What Is A Civil Dispute?

A civil dispute refers to a conflict between two or more parties, usually involving private rights or contractual disagreements. Finding yourself in the middle of a complex civil dispute can be challenging, and depending on the route you choose to go down, they can also be costly and time-consuming. Below we have outlined a few key things you need to be aware of and the possible outcomes.

What Kind Of Civil Disputes Arise?

Civil disputes can both start off small and grow over time, or be sudden and unexpected. Either way, we understand the toll they can take on yourself and loved ones. Issues can also vary in type and be of a personal or business nature, however, the most common examples include: 

Contract Disputes:

Contractual issues may arise for one of several reasons, such as a disagreement over contract terms, non-compliance with the terms or confusion over the interpretation of the contract itself. This usually occurs between employer and employees but can also happen with businesses and consumers.

Personal Injury Claims:

Any incident that results in injuries can lead to a civil dispute. The aim of starting proceedings is usually, but not always, to seek financial renumerations from the party responsible. Thus restoring the claimant to the position they were in before, or to provide additional funds which are classed as compensation for the injury.

Property & Boundary Disputes:

Any legal disputes around property and real estate will fall under this category. Whether it’s a problem with neighbours infringing on an adjacent property, excessive noise or regarding the actual property ownership itself.

Landlord & Tenant Disputes:

Issues regarding landlords and tenants are one of the most common areas of civil disputes. Ranging from breach of contract negotiations to rent arrears and maintenance/repair disagreements.

Family Matters:

Family issues can arise from disputes over child custody arrangements, or lack thereof, during a divorce or separation. The separation itself could also be the root cause of the problem, leading to a build-up of issues. The death or a loved one can also be an emotional time, leading to disagreements around wills and inheritance.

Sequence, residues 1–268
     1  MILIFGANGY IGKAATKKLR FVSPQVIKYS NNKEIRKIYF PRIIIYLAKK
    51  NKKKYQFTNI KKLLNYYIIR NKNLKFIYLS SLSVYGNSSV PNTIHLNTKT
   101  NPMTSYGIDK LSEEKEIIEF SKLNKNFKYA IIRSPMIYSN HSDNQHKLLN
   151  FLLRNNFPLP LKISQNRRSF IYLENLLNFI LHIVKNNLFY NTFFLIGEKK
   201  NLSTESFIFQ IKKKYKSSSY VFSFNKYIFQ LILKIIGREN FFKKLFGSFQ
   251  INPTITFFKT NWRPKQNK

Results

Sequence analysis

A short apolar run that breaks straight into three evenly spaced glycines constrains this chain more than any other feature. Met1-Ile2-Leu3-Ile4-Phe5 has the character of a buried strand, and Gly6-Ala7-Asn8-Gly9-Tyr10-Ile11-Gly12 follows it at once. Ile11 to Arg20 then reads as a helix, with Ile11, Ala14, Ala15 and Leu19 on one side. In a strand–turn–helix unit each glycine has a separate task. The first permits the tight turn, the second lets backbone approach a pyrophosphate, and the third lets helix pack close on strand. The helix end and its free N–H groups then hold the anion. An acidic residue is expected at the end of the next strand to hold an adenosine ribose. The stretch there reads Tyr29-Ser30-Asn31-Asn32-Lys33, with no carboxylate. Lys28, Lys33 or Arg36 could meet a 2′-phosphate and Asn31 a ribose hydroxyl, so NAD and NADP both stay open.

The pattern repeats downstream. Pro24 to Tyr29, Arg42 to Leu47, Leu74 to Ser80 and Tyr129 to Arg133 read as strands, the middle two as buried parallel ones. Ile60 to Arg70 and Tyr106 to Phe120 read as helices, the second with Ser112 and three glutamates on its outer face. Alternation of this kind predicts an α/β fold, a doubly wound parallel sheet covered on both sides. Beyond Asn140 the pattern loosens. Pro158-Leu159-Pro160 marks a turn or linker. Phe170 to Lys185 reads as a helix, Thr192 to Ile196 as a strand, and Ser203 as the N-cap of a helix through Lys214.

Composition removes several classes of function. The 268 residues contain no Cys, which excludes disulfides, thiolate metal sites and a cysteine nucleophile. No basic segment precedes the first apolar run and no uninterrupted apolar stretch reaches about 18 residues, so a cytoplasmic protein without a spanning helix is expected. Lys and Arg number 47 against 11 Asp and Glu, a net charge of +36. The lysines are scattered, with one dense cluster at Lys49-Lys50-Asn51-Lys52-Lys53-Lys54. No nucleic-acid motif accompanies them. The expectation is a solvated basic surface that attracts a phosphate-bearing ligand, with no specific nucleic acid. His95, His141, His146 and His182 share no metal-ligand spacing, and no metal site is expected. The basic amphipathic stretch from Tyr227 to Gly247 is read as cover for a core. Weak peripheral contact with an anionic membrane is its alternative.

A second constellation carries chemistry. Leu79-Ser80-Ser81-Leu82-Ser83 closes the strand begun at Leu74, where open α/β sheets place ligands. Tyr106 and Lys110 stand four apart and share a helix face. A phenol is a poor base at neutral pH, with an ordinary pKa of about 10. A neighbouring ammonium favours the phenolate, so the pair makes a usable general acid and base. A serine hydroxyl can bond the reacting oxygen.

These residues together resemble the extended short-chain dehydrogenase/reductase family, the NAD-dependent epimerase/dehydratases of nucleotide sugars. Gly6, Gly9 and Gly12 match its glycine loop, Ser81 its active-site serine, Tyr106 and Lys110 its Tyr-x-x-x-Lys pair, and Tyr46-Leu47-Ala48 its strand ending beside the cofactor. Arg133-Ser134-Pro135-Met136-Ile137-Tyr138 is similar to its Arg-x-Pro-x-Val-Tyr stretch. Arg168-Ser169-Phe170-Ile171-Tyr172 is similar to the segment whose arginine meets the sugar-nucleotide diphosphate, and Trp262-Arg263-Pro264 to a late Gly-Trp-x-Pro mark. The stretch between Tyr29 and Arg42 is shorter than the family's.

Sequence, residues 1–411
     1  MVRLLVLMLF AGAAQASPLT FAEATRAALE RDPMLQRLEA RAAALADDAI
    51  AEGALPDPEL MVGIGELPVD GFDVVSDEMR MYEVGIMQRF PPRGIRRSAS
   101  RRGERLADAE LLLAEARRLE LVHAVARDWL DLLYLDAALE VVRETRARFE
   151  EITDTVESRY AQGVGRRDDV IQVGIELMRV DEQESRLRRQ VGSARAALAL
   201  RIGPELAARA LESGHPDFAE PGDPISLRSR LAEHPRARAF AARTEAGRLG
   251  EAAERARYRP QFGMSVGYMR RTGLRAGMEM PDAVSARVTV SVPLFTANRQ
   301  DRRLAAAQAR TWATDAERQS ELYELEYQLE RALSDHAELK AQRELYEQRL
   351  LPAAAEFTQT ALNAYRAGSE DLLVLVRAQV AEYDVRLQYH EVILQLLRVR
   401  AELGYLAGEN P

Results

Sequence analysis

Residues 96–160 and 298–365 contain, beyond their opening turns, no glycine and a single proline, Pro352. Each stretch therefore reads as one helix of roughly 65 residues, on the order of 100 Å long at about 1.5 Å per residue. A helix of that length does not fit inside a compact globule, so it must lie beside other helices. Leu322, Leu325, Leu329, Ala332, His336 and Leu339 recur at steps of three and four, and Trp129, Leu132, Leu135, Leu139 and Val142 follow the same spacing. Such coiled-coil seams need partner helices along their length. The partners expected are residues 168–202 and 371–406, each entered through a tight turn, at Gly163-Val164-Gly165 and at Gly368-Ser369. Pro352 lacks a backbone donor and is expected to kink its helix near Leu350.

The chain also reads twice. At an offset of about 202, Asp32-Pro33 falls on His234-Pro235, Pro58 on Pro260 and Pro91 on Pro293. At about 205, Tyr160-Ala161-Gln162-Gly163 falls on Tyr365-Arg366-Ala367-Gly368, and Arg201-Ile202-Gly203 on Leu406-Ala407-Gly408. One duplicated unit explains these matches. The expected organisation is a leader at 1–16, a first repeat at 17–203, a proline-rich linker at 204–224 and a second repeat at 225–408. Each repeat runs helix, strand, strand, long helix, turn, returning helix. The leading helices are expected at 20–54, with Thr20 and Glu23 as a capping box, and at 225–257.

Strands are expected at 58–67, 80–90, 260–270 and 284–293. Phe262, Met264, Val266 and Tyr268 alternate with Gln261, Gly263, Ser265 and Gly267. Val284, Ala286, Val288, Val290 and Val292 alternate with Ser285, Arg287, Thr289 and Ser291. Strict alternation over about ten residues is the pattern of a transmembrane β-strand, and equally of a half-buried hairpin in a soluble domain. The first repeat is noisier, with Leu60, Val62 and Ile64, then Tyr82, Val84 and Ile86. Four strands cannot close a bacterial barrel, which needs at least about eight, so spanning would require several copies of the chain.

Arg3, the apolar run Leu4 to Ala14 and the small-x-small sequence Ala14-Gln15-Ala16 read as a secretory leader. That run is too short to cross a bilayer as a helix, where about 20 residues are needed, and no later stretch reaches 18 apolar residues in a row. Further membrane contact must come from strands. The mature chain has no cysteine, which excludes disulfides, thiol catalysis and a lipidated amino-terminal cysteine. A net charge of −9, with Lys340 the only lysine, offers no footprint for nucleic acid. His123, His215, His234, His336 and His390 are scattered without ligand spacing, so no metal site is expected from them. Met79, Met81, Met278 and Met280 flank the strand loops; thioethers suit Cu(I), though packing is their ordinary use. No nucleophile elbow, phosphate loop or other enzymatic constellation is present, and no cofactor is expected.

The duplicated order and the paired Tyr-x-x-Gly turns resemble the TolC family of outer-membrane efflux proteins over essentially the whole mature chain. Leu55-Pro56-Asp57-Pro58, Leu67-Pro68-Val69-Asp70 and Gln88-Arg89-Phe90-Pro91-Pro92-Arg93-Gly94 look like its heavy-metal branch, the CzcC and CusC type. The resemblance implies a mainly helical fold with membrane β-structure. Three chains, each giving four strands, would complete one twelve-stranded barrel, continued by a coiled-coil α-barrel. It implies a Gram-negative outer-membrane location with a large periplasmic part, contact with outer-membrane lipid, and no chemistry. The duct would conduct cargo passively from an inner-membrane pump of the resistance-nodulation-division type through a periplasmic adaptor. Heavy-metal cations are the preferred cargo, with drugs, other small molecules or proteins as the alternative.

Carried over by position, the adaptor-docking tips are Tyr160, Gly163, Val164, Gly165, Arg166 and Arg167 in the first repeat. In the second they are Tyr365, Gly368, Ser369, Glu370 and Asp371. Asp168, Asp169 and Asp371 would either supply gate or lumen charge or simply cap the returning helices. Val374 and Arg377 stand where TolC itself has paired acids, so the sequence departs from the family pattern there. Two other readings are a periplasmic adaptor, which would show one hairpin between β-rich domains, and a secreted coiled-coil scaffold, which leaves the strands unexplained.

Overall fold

Professional Negligence:

Medical negligence is perhaps the dispute that comes to mind when professional negligence is mentioned. There are however a range of areas that can constitute negligence, and it in fact refers to any person or organisation that fails to meet the standards of skill or care that is expected. Whether that be in a medical setting or one that leads to financial losses for one of the parties. 

Disputes Over Purchases Or Goods:

If you have received products or services that you believe aren’t as advertised or agreed upon but are unable to obtain a refund/replacement, this may constitute a civil dispute. Each individual case will have its own unique needs, however this may be the route to choose if you feel there are no other options.

What Can I Do To Solve A Civil Dispute?

Solving a civil dispute is rarely straightforward in nature. There are a range of routes available which usually start with ADR or ‘Alternative Dispute Resolution’ which includes:


If both parties consent (this is a voluntary process) then either they, or their representatives, will try and find a suitable solution without resorting to litigation.


Not dissimilar to negotiation, mediation is the same setting as the above, however a trained third-party will liaise between both sides in order to move the process along and help find a logical conclusion.


This involves a third-party arbitrator who acts as a judge and listens to both sides before making a decision. The outcome will be legally binding and can be filed in court.

The Final Option: Civil Litigation

Should none of the above work, the final step would be civil litigation, where your case goes to court. This could either be held in front of a tribunal, or in front of a jury. The latter option is sometimes chosen when having an outsider’s perspective can be helpful i.e. personal injury claims or contract disputes. It’s important to consult a solicitor long before it reaches this final stage, as you can thoroughly discuss all possible outcomes beforehand and be fully prepared.

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